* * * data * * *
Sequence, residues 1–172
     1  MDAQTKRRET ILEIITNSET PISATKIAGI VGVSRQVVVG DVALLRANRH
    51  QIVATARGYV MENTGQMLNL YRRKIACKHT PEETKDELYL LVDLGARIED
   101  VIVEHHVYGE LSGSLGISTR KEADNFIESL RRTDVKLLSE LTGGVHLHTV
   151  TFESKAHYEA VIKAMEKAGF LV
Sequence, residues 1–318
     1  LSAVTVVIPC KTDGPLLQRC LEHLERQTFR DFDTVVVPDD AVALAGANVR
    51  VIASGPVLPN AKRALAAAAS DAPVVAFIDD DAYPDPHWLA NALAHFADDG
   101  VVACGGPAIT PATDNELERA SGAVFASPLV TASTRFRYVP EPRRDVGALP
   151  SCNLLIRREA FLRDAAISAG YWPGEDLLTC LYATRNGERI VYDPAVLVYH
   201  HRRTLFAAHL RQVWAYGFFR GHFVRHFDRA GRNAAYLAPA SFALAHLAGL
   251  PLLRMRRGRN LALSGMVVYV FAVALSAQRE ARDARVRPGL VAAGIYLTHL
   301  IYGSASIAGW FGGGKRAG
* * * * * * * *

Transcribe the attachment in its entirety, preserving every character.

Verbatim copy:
Sequence, residues 1–172
     1  MDAQTKRRET ILEIITNSET PISATKIAGI VGVSRQVVVG DVALLRANRH
    51  QIVATARGYV MENTGQMLNL YRRKIACKHT PEETKDELYL LVDLGARIED
   101  VIVEHHVYGE LSGSLGISTR KEADNFIESL RRTDVKLLSE LTGGVHLHTV
   151  TFESKAHYEA VIKAMEKAGF LV
Sequence, residues 1–318
     1  LSAVTVVIPC KTDGPLLQRC LEHLERQTFR DFDTVVVPDD AVALAGANVR
    51  VIASGPVLPN AKRALAAAAS DAPVVAFIDD DAYPDPHWLA NALAHFADDG
   101  VVACGGPAIT PATDNELERA SGAVFASPLV TASTRFRYVP EPRRDVGALP
   151  SCNLLIRREA FLRDAAISAG YWPGEDLLTC LYATRNGERI VYDPAVLVYH
   201  HRRTLFAAHL RQVWAYGFFR GHFVRHFDRA GRNAAYLAPA SFALAHLAGL
   251  PLLRMRRGRN LALSGMVVYV FAVALSAQRE ARDARVRPGL VAAGIYLTHL
   301  IYGSASIAGW FGGGKRAG